Summary: A mother’s willingness to sacrifice their own lives to protect their children depends upon the action of oxytocin on neurons in the amygdala, a new study reports.
Source: Champalimaud Center for the Unknown.
From birds to mammals, from fish to reptiles, the immediate reaction to an impending threat to the animal itself is usually to flee or to stop moving in an attempt to go unnoticed. However, when parents feel threatened in the presence of their young, their reaction is completely different: they seek to protect them. What happens in the brains of the parents for them to to be willing to sacrifice their own life in the interest of their offspring’s safety?
A team lead by neuroscientists from the Champalimaud Centre for the Unknown, in Lisbon, Portugal, has discovered that this radical change in the parents’ behavior (from self-defense to defending their young) depends on the action of the so-called “love hormone”, oxytocin, on the neurons of the amygdala, a specific brain structure known for its crucial role in the processing of emotional reactions. Their results have been published in the journal eLife.
Oxytocin is responsible for the bonding between mothers and their young, and within couples. Its effects are not well understood; oxytocin probably has many functions, therefore making its difficult.
Experts do know, however, that its release into the amygdala is able to inhibit that basic self-defense reaction they call freezing, when the animal ceases to move.
Nonetheless, the potential usefulness of this inhibition had not been elucidated. The new study, which was done on female rats that had recently given birth, solves this mystery by bridging the gap between these two phenomena.
“We put both things together”, says Marta Moita, who led the study. “We developed a new experiment that allows us to study the mother’s defensive behavior either in the presence or the absence of her pups, while at the same time testing whether oxytocin’s action in the amygdala is required for the regulation of this behavior.”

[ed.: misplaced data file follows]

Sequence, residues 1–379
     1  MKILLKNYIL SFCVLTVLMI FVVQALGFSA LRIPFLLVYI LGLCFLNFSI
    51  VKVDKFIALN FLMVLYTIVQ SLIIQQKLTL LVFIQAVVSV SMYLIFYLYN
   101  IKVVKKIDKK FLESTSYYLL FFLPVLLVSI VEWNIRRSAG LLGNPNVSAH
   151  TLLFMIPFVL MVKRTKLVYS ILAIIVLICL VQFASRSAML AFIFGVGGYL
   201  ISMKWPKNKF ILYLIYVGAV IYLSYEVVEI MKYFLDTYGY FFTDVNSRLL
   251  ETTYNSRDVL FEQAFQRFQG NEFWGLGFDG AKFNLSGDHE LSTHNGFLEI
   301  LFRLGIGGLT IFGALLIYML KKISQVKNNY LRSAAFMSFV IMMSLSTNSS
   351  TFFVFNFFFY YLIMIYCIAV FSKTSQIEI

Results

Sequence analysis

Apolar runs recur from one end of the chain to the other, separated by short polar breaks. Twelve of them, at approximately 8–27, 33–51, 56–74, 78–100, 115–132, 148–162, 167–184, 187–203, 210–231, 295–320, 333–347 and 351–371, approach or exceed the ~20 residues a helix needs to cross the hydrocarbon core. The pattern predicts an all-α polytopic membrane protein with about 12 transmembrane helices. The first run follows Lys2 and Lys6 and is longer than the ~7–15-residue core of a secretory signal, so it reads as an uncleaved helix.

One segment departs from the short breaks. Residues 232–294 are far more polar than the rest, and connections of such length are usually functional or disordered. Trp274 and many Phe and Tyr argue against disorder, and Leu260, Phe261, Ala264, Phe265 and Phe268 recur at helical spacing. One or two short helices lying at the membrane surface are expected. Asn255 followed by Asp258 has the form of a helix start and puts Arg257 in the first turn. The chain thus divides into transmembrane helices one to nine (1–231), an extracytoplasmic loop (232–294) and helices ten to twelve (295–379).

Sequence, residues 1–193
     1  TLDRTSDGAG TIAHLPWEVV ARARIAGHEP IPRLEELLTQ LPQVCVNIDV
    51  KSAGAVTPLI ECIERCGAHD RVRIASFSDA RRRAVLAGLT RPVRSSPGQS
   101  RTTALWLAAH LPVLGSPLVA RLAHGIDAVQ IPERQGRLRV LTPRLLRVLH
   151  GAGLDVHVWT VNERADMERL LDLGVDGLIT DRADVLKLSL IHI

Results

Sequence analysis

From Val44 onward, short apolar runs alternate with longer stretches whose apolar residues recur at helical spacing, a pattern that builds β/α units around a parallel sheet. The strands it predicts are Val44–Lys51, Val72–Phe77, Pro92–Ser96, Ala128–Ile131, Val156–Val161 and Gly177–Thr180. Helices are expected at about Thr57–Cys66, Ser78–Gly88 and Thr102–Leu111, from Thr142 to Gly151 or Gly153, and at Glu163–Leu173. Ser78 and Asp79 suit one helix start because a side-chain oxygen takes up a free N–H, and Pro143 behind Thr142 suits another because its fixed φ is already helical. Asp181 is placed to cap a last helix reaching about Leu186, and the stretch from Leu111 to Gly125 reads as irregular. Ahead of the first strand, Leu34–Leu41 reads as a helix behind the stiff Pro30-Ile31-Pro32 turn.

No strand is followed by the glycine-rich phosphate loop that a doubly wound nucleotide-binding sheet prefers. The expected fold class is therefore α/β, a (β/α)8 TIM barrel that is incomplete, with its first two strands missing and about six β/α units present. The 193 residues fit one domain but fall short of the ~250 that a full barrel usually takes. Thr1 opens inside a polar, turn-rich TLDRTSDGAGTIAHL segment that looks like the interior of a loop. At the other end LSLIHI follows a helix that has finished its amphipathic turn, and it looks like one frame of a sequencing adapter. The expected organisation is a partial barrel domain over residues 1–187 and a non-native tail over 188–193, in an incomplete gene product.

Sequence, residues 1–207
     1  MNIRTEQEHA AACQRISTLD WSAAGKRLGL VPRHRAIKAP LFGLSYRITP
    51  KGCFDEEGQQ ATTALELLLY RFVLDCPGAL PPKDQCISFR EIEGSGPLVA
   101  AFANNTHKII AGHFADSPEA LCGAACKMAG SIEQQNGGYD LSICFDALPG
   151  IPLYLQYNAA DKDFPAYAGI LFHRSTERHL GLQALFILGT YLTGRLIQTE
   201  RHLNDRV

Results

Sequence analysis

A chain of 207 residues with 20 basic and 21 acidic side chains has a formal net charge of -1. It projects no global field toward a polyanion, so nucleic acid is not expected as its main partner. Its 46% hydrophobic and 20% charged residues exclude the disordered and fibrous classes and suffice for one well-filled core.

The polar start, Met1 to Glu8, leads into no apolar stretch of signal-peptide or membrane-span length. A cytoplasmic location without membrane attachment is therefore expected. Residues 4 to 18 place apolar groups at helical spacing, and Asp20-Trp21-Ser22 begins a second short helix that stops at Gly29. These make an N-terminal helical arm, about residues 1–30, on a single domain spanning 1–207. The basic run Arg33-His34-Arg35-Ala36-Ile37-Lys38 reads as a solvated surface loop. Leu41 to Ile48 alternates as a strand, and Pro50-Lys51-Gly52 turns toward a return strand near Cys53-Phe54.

Since oxytocin acts on many parts of the brain, affecting many behaviors, it is usually difficult to interpret the results when manipulating this hormone. But in the new experiments, says Marta Moita, “we manipulated a circuit where we know precisely how oxytocin leads to inhibition of freezing. So we are very sure of our interpretation of the behavioral results.”
The experiments consisted in conditioning the mother rats, in the absence of their pups, to associate a peppermint scent with the imminence of an innocuous electric shock. After training, these female rats perceived the odor as a threat and froze accordingly.
Once the training was over, the team started by showing that, in the pups’ presence, the mothers didn’t freeze, as they had when they were alone. On the contrary, they now tried to protect their offspring from the peppermint odor by attacking the tube where the odor was coming from, or piling up bits of material from the nest to block the tube – or, if the pups were a little older, by nursing them, grooming them and generally keeping them in close contact with themselves.
However, when the scientists then blocked oxytocin activity in the mothers’ amygdalas, the mothers started to freeze as soon as they perceived the threat, independently of the age of the pups – forgetting, so to speak, their maternal “duties”.
This work provides a new experimental framework “to study the signals transmitted by the pups that make their mother’s brain release oxytocin into the amygdala in the face of danger”, triggering the defensive strategy to protect their offspring, says Marta Moita. “We know that chemical communication is very important, but we still haven’t identified the sensory stimuli that activate oxytocin”, she adds.